Patent Medicines

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| February/March 1993

In America in the midnineteenth century, the practice of medicine was on the brink of change. On one hand, there existed a long tradition of herbal folk remedies which had evolved into a sizable industry in the capable hands of the Shakers. On the other, the newly founded American Medical Association was concerned with lending credibility to medicine as a formally trained profession.

The majority of physicians, however, had been trained through two-year apprenticeships; medicines could be manufactured by anyone who wanted to do so, and regulations assuring quality control or truth in advertising were nonexistent.

The Civil War produced large numbers of sick and wounded and a correspond­ing increase in medical practitioners of all kinds. Further, advertising oppor­tunities increased as newspapers and magazines proliferated, and the new transcontinental railroad made ­shipping and travel easy. Many would-be entrepreneurs looked to the ­Shakers’ success in producing and marketing herbal blends: surely, if one could concoct medicines cheaply, advertise them widely, and sell at a large profit, riches would accrue. A great many people must have had these thoughts, because the 1870s saw a rapid surge in new “patent” medicines.

The term “patent” is some­what misleading, as these early medicines weren’t really patented. Rather, the term comes from a time when European royalty bequeathed patents, or permissions, to favored medical people, allowing them to produce certain herbal formulas. Had the American medicines actually been legally patented, the manufacturers would have had to disclose their recipes. And, according to the laws of that time, their patents would have expired after seventeen years, and their formulas and trade names would have reverted to the public domain. Product names, along with the logo and label design, were usually trademarked for protection, however.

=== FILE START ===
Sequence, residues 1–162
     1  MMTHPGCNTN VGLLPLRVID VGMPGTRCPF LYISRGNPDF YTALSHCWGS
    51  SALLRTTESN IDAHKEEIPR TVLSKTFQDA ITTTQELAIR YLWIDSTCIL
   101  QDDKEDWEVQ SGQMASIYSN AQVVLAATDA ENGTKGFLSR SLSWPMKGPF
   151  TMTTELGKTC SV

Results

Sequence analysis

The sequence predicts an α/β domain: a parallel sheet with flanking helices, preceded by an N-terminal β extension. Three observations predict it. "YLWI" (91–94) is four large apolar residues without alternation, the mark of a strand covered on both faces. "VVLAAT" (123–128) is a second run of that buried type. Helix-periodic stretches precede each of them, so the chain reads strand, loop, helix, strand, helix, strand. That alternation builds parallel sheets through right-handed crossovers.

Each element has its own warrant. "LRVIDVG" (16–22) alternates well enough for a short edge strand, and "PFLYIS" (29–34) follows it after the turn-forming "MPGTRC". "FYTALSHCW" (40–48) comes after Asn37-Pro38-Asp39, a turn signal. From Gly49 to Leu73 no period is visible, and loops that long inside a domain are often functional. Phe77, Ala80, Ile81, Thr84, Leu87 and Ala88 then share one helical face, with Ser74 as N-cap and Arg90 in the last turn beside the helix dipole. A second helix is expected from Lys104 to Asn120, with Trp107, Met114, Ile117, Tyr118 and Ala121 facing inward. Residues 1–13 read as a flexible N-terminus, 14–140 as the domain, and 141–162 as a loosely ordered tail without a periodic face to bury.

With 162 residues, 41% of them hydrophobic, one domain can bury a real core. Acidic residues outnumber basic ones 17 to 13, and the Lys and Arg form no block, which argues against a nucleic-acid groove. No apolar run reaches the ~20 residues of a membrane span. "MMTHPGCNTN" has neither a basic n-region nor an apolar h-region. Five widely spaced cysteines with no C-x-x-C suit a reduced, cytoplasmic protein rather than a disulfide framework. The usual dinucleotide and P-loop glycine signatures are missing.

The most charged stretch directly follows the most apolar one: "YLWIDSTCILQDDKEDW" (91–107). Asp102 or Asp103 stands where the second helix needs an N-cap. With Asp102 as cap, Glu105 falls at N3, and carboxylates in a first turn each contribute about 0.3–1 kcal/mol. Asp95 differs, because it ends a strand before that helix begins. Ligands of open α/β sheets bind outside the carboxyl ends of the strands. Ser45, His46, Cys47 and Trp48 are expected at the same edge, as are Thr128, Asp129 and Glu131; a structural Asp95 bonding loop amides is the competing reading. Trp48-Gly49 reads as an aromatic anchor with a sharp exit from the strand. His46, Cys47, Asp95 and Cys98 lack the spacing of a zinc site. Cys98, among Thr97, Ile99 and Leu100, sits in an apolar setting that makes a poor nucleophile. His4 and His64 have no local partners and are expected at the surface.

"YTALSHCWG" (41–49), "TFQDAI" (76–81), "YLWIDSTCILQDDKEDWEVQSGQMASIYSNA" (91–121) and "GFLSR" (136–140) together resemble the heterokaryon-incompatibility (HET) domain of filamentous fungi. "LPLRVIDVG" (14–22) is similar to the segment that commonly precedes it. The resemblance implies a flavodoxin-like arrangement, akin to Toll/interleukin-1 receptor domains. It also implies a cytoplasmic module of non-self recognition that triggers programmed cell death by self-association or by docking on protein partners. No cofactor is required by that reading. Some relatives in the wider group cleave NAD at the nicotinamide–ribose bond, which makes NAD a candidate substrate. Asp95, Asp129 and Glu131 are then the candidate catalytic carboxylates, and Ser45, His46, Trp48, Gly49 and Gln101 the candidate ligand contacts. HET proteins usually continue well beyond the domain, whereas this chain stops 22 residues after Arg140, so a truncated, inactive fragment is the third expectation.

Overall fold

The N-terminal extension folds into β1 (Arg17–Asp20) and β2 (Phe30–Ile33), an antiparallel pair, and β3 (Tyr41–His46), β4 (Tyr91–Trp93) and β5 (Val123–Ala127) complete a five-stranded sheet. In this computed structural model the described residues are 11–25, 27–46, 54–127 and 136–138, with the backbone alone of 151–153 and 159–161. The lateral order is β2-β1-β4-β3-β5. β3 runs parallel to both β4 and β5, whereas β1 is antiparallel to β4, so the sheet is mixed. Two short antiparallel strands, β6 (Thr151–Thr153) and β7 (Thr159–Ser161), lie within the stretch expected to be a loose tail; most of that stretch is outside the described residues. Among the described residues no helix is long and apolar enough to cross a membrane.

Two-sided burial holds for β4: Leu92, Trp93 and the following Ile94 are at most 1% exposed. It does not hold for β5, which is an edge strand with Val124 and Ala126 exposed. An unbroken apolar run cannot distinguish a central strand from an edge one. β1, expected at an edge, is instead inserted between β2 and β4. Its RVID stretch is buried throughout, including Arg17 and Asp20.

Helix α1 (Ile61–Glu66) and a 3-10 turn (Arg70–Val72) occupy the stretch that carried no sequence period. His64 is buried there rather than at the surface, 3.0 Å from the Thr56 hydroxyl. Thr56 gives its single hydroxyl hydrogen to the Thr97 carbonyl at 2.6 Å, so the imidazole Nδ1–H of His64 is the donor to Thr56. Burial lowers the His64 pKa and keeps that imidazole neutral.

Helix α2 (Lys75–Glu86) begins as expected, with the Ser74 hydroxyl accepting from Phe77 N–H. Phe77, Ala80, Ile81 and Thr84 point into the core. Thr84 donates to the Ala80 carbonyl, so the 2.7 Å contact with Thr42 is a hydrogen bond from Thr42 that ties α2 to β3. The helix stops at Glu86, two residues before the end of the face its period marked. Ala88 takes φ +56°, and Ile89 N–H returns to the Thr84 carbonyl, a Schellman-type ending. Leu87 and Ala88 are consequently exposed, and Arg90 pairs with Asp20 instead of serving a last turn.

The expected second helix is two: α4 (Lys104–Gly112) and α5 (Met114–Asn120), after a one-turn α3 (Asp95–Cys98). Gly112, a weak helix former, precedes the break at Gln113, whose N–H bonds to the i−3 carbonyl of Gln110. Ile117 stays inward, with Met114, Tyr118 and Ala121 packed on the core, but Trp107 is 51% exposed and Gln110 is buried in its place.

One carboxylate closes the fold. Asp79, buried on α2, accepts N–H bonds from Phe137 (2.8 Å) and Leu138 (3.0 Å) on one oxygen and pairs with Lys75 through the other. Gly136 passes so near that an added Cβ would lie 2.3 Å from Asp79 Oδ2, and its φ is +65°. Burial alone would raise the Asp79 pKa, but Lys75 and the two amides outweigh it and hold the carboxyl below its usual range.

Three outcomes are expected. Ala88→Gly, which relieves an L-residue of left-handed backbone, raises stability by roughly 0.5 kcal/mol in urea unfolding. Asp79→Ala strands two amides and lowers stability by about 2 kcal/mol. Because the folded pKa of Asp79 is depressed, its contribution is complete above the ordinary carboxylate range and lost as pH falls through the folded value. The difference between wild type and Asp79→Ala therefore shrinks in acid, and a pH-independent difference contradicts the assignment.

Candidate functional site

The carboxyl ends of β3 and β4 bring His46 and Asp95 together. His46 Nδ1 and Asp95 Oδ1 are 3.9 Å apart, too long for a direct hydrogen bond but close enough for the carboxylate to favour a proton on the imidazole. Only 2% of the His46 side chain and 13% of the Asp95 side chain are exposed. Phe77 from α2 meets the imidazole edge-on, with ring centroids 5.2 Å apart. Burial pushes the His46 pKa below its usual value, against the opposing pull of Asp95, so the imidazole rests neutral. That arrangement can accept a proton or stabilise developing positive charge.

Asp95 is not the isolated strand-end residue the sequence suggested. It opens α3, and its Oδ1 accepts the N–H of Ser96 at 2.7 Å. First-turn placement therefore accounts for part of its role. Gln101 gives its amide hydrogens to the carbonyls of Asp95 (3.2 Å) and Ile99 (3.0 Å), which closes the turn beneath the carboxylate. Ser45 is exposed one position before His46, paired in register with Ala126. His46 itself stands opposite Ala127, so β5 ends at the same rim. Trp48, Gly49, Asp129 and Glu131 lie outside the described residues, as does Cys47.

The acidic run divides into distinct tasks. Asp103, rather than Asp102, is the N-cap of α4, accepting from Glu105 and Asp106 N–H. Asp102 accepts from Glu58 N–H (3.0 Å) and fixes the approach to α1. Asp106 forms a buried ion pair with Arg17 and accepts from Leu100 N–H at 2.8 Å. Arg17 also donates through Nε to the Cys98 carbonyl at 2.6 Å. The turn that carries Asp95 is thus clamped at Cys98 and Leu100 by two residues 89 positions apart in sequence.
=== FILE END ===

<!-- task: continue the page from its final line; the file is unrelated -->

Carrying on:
In some cases, the formula for a patent medicine was given out freely by the manufacturer, or even written on the label. The manufacturer hoped that, given this information, physicians would be more inclined to recommend it. Because many of the herbal ingredients weren’t readily available to the general public (nor was the correct herbal name necessarily used), their recipes were safe. For example, Dr. Ayer of Massachusetts freely published the following rec­ipe for Ayer’s Wild Cherry Expectorant, which was touted as a cure for catarrh, bronchitis, and influenza: “Mix together 3 grains acetate of morphia, 2 fluid drachms tincture of bloodroot, 3 fluid drachms each antimonial wine and ipecacuanha wine, and 3 fluid ounces syrup of wild cherry bark.”

The early work of the Shakers with herbal remedies had laid some legitimate groundwork for commercial medications. More often than not, though, the patent medicine makers of the 1870s and later were mainly interested in mixing up something that tasted bad and was cheap to produce. Most important, the mixture needed to contain enough alcohol to persuade the patient that it would indeed make one feel better right away. One doctor who worked with physicians trained in the last century reports that women came to rely on Lydia Pinkham’s Vegetable Compound to the point of addiction: it contained as much as 25 percent alcohol.

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